Opponent Michael Hartnett, treasurer of the Marin Public Policy Institute, claims Marin will receive $25 million in taxes this year and that the county should prioritize current revenue towards fire prevention instead of raising additional taxes. Hartnett also asserts Marin’s fire department is already well funded. 

The opposition is also concerned over the legality of the measure. The 1978 Proposition 13 bans parcel taxes based on the property’s value. This was upheld in 2010 by the California First Circuit of the Court of Appeals when they ruled a parcel tax by the Alameda Unified School District invalid, making the decision case law. 

Alameda’s parcel tax charged residents and owners of small commercial properties $120 per parcel. In contrast, they charged commercial properties of over 2,000 square feet, only 15 cents. 

Measure C has a similar parcel tax, ten cents per building square foot, except for multifamily units. The precedent set by the Alameda Unified School District case could lead to Measure C being ruled unconstitutional under a Proposition 13 violation.


Prop. 13 – Didn’t Pass Statewide, Passed in Marin

Majority needed – 57% Yes in Marin, but 56% No Statewide 

Proposition 13 authorizes a  $15 billion state bond for the repair, construction, and modernization of California preschools, K-12 schools, community colleges, and universities. According to the California Voter Guide, development for new academic facilities occurs when areas are growing in enrollment. The voter guide also states that modernization projects take place when a building’s components are old and a life-safety issue is identified, like mold or asbestos.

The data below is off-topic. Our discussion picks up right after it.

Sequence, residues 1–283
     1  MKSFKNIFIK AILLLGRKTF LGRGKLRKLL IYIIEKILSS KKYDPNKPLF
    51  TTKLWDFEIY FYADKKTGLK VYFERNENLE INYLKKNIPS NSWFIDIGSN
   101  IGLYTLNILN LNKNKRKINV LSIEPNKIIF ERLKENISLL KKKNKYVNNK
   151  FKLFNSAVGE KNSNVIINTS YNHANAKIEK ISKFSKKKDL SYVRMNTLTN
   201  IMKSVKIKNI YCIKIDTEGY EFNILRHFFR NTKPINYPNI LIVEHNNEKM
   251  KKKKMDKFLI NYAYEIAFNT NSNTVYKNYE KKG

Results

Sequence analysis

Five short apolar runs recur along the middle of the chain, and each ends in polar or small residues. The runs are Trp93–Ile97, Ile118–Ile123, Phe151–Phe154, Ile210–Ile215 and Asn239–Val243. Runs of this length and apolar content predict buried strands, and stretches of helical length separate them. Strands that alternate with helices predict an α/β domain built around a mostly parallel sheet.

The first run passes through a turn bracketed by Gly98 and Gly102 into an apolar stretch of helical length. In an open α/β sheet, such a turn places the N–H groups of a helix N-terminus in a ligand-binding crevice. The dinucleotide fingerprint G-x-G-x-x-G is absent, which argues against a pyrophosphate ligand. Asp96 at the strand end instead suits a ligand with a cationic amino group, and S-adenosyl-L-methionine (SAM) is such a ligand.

The proposition will prioritize funding for schools in need of safety renovation, scholarships for students facing financial hardships, and school programs that use unionized labor, like the Canteen at Drake. It also gives local school districts the ability to increase funding by raising property taxes.

The money is split, with six billion dollars evenly distributed among Universities of California (UC), California State Universities (CSU), and community colleges. The other nine billion dollars will go to grade schools: $5.2 billion of that allocated for renovations, $2.8 billion for new construction projects, and the last $1 billion split between technical and charter schools. This bond comes with $11 billion of interest, with an annual payment of $740 million scheduling the principle and interest to be paid off in 35 years.

It is important to note that this Prop. 13 is different from the measure of the same name passed in 1978, decreasing property taxes in California by forbidding it to be raised by no more than two percent annually.